contraception in 50 episodes studied (Greenberg and Busselle, 1994). Most music videos and rock music lyrics, which frequently target adolescents, have strong sexual content (Sherman and Dominick, 1986; Strasburger, 1989). Other forms of media, including cable television, movies, and videotapes, also frequently portray sexual incidents (Brown and Steele, 1996).
Although sex is frequently portrayed on television, protective behavior is rarely shown and references to adverse consequences are rare; casual unprotected intercourse is presented as the norm. Lowry and Shidler (1993) found that there were approximately 25 instances of sexual behavior portrayed on prime-time television for every one instance of protective behavior shown or comment regarding STDs or unintended pregnancy. In addition, the references to protective behavior were portrayed in a nonserious manner. Another study estimated that the average teenager will be exposed to almost 14,000 television messages associated with sex annually, but less than 1 percent of these messages will deal with contraception, refraining from sex, or STDs (Harris and Associates, 1988). There is some evidence that producers may be starting to decrease the sexual content of some television shows (Lowry and Schidler, 1993; Olson, 1994).
In addition to serving as a source of information, mass media may influence social attitudes, and sometimes social behavior. For example, depictions of violence in the mass media have been shown to be a significant factor in real-life violence (Strasburger, 1995). The ability of sexual content in mass media to directly affect sexual behavior is unclear because appropriate longitudinal studies have not been conducted (Strasburger, 1995), but such content has been shown to influence adolescents' attitudes and beliefs regarding sex (Strasburger, 1992, 1995; Buerkel-Rothfuss and Strouse, 1993; Greenberg et al., 1993; Strouse and Buerkel-Rothfuss, 1993). One study found an association between frequent viewing of television programs with strong sexual content and early onset of sexual intercourse among adolescents, but it was not possible to distinguish which factor came first (Brown and Newcomer, 1991). Another recent study that examined the influence of mass media on eight potentially risky behaviors, including sexual intercourse, found that adolescents who had engaged in more risky behaviors listened to radio and watched music videos and movies on television more frequently than those who had engaged in fewer risky behaviors, independent of demographic factors (Klein et al., 1993).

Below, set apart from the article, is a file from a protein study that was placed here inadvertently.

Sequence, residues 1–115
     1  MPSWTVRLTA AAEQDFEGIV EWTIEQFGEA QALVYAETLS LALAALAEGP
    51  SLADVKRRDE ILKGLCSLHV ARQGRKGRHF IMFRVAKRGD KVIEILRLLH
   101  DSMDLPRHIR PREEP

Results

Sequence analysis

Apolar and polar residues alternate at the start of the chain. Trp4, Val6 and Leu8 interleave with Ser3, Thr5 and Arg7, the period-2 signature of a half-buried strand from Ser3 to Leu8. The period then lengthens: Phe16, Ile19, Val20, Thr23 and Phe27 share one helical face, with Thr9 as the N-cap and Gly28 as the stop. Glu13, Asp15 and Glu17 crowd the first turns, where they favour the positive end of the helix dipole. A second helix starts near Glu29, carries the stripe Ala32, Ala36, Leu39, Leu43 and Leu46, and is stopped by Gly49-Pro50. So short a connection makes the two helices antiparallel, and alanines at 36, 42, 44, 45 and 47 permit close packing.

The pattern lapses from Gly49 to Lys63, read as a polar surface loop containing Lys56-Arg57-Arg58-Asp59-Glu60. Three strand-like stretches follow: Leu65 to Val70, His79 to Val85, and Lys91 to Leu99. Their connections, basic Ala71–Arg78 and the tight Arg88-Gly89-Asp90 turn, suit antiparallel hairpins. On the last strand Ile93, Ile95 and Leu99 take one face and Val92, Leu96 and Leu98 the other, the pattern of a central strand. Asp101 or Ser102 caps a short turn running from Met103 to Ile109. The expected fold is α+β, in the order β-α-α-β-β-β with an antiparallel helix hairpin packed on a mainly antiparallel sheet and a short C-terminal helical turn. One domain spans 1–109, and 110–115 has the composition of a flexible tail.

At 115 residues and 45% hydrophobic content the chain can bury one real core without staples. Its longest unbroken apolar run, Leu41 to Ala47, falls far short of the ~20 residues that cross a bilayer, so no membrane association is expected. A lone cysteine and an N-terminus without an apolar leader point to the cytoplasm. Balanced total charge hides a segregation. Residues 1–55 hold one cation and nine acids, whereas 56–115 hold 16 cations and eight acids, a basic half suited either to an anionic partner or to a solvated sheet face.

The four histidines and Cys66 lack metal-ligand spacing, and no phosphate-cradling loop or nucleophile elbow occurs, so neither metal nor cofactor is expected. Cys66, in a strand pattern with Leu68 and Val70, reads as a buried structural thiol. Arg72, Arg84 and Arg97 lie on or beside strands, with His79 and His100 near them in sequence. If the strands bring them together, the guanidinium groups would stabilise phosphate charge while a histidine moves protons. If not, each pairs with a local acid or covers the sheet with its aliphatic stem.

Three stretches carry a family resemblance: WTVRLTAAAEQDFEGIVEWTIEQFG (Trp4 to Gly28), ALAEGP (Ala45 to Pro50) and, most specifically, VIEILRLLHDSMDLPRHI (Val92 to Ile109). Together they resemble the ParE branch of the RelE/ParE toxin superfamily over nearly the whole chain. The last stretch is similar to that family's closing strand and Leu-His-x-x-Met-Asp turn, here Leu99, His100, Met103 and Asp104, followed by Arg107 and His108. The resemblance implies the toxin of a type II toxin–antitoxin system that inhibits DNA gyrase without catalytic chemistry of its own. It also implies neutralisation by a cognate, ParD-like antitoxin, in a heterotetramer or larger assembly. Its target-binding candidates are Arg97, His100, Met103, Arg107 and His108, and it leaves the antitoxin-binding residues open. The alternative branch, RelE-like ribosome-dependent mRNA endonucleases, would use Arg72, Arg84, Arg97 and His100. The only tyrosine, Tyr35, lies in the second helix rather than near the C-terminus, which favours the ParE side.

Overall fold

The reluctance and past refusal of mass media to become involved in the dissemination of information regarding STDs and other sexual issues is not new. In his book on the social history of STDs, Brandt (1985) writes about an incident in November 1934. The Columbia Broadcast Company scheduled a live radio broadcast with Thomas Parran, Jr., then New York State Commissioner of Health, to talk about the major public health problems of the time. Just before airtime, Parran was told that he could not mention syphilis or gonorrhea by name. In response, Parran abruptly canceled his appearance and never delivered his talk. He went on to criticize the hypocritical standards in radio broadcasting that